BJCP Comparable Category: 17A - British Strong Ale
This is the description of how the Strong Ale style of beer should taste, feel and look. However, there may be perfectly fine beers in this style that fall outside of these ranges and descriptions. This information is just to show the most commonly accepted ranges for the Strong Ale beer style.
When using these guidelines as the basis for evaluating entries at competitions, competition organizers may choose to split this category into subcategories which reflect strong and very strong versions.
- Color: Amber to dark brown
- Body: Medium to full
- Malt Flavors & Aromas: Medium to high malt and caramel sweetness. Very low levels of roast malt may be present.
- Hop Flavors & Aromas: Not present to very low
- IBUs/Bitterness: Present but minimal, and balanced with malt ﬂavors.
- Fermentation Characteristics: Rich, often sweet and complex fruity ester attributes can contribute to the profile of Strong Ales. Alcohol types can be varied and complex. Diacetyl is usually absent in these beers but may be present at very low levels.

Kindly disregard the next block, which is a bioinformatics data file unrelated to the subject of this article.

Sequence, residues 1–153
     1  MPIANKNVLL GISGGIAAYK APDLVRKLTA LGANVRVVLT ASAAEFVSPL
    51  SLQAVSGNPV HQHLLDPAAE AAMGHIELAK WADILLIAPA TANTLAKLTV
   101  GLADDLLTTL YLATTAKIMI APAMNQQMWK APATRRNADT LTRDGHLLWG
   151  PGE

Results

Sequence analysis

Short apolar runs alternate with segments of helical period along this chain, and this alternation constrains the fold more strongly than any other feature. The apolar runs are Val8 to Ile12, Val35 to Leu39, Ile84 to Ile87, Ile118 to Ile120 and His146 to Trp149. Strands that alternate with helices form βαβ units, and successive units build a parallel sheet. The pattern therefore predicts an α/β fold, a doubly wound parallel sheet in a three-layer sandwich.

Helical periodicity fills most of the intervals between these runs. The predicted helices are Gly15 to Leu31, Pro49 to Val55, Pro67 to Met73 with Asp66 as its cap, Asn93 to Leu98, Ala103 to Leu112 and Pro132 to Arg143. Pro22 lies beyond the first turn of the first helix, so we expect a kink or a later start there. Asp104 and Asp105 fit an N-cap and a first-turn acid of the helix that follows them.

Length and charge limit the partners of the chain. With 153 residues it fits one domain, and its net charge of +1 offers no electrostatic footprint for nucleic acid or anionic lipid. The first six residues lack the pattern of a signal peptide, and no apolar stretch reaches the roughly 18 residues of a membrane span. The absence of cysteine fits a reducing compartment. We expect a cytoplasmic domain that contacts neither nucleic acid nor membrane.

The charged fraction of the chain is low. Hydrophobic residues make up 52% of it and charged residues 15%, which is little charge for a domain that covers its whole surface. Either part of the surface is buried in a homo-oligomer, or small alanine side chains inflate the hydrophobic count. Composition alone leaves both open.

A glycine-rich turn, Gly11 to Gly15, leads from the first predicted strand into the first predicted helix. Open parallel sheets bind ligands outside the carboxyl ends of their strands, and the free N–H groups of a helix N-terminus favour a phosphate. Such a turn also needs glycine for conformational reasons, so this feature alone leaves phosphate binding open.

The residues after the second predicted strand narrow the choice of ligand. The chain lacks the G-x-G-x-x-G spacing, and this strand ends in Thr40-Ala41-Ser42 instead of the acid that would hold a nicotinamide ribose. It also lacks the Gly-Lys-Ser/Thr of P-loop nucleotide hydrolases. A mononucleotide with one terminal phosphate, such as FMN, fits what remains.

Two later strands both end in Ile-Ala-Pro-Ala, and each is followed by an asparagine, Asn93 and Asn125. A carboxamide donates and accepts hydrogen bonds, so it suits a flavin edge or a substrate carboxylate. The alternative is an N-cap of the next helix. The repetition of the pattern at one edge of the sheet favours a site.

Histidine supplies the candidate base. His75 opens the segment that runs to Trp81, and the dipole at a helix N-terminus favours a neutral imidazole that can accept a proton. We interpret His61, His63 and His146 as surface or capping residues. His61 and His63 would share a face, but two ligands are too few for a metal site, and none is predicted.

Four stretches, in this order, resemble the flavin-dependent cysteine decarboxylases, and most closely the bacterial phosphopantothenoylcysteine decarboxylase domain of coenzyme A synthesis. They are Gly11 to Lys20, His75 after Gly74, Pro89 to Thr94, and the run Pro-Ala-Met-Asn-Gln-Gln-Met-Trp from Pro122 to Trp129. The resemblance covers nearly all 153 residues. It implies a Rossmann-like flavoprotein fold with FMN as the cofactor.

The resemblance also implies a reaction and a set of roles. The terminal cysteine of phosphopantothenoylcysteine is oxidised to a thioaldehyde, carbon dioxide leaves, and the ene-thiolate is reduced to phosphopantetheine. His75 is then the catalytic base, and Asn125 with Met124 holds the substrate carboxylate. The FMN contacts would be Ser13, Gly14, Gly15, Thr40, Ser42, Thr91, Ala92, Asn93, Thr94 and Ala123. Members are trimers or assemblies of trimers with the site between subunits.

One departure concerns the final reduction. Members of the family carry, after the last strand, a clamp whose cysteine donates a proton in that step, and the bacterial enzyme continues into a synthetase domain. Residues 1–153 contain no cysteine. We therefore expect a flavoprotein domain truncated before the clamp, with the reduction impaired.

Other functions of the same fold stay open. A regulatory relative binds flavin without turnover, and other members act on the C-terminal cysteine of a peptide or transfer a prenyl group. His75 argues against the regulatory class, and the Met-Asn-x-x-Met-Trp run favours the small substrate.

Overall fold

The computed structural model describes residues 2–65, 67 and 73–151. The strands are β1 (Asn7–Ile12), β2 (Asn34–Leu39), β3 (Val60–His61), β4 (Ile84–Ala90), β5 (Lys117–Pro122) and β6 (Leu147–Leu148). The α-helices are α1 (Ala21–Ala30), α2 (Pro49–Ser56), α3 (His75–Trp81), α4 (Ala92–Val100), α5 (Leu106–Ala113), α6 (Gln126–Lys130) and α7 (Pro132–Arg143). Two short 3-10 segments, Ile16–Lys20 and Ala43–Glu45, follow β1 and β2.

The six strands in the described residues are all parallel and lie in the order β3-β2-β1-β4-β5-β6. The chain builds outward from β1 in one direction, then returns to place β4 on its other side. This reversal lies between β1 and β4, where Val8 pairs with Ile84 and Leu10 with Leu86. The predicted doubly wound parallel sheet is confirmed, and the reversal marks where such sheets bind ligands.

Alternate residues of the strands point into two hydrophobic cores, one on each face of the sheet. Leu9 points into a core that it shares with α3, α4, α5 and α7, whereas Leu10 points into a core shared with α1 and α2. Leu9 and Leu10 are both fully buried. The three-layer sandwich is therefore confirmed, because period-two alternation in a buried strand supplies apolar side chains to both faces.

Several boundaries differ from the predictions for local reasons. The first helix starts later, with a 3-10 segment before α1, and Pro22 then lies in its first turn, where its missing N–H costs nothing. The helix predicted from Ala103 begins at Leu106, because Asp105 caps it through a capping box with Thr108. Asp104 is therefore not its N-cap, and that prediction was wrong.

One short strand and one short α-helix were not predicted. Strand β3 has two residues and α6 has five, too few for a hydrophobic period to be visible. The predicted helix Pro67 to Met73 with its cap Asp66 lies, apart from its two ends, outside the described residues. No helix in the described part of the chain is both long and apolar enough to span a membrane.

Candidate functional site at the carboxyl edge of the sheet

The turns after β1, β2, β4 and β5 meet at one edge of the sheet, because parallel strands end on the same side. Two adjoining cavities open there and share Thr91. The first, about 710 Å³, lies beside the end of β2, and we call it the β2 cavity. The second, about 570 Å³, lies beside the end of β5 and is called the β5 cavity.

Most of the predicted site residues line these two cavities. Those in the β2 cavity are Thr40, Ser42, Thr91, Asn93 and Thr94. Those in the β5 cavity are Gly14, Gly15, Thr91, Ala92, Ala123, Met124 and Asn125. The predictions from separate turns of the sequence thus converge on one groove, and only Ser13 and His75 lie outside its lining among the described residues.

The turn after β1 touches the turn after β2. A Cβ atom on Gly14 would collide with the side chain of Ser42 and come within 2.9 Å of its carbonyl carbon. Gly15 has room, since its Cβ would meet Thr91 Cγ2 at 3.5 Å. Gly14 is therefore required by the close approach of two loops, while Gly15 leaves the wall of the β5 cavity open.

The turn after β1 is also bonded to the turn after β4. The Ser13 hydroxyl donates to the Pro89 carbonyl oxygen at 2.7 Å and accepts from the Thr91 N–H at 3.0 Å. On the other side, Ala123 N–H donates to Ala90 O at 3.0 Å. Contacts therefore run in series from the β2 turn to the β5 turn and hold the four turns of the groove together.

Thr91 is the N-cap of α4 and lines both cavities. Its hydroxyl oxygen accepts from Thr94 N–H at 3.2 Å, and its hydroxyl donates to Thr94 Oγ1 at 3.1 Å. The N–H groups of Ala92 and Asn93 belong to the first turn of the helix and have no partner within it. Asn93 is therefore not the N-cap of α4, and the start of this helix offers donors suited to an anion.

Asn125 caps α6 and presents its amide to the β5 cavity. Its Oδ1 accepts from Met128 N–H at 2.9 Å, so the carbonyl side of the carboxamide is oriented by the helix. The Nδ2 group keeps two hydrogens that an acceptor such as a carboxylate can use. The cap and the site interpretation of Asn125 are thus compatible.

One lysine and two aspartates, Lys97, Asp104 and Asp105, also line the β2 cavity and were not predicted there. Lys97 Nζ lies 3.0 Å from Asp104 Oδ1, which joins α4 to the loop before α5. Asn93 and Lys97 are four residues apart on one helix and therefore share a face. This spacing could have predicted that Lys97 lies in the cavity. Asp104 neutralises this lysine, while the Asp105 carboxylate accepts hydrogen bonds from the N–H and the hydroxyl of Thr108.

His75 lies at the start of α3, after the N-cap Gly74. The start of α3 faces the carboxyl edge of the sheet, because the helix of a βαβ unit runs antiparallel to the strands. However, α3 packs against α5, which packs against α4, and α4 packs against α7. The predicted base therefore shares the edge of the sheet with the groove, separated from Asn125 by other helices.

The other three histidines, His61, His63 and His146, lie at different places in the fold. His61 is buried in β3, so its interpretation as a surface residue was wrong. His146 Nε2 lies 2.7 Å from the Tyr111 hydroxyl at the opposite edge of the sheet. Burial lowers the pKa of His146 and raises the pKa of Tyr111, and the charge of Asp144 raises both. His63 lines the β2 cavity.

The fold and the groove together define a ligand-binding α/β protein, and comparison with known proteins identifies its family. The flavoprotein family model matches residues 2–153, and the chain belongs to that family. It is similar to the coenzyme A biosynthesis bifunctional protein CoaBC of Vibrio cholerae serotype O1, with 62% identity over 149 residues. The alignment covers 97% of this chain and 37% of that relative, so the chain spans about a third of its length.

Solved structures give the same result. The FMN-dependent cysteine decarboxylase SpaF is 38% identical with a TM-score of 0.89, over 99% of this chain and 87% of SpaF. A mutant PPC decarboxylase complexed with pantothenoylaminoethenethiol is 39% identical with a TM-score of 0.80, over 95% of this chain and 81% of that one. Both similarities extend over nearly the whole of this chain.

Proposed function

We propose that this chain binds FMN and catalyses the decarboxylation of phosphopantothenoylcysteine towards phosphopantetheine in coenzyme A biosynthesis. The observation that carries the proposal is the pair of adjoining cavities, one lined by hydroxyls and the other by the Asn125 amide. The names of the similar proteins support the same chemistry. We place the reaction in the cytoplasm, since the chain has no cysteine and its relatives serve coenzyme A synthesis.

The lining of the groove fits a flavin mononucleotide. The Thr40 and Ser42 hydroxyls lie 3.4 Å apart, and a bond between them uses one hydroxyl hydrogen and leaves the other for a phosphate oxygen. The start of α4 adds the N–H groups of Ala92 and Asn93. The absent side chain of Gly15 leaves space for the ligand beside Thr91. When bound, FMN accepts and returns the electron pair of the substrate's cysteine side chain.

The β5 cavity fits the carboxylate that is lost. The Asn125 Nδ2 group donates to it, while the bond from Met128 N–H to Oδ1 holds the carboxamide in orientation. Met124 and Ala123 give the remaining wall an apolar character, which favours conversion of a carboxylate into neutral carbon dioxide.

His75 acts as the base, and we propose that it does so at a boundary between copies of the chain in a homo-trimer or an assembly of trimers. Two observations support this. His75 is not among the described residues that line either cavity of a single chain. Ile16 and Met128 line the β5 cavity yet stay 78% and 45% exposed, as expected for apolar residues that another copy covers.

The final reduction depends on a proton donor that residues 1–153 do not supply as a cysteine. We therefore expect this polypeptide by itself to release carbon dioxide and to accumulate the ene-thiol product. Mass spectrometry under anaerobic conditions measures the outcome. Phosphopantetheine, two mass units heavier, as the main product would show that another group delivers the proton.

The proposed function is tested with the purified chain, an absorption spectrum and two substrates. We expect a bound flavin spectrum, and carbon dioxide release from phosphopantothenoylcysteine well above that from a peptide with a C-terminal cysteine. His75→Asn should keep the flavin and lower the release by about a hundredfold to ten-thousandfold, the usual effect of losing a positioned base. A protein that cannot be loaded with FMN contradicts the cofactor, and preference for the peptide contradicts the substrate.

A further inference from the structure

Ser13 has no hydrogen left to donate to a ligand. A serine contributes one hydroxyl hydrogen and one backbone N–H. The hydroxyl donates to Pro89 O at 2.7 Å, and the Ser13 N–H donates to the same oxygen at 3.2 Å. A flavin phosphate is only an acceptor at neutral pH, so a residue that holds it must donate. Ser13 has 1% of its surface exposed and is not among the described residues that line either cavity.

- Common Ingredients: Grists vary, often based on pale malt with caramel and specialty malts. Some darker examples suggest that dark malts (e.g., chocolate, black malt) may be appropriate, though sparingly so as to avoid an overly roasted character. Sugary adjuncts are common, as are starchy adjuncts (maize, flaked barley, wheat). Finishing hops are traditionally English.
- Commercial Examples: Fuller’s 1845, Harvey’s Elizabethan Ale, J.W. Lees Manchester Star, Samuel Smith’s Winter Welcome, Young's Winter Warmer
Brewing Properties of Strong Ale
These are the functional brewing properties of Strong Ale beers, as descided by the Brewers Association. These guidelines reflect, as accurately as possible, the historical significance, authenticity or a common profile in the current commercial beer market.
The alcohol by volume is shows the amount of alcohol this style of beer should have.
|7.0 - 11.3%|
The International Bittering Units (IBU) scale is used to approximately quantify the actual (not perceived) bitterness of beer.
|30 - 65 IBUs||SRM
SRM is a scale for measuring the color intensity of a beer. Low SRM grains impart a pale straw color while higher values mean it will add a darker color to the wort. Learn more »
–8 - 21 SRM
(16 - 41 EBC)
Original Gravity (OG) is a measure of the sugar content in the wort before alcoholic fermentation has started to produce the beer.
|1.060 - 1.125|
The Final Gravity (FG) is how much sugar is left over in the beer when fermentation is complete.
|1.014 - 1.040|
If you see an error in our data, please let us know!
Based on Brewers Association 2020 Beer Style Guidelines with changes. Used with permission of Brewers Association.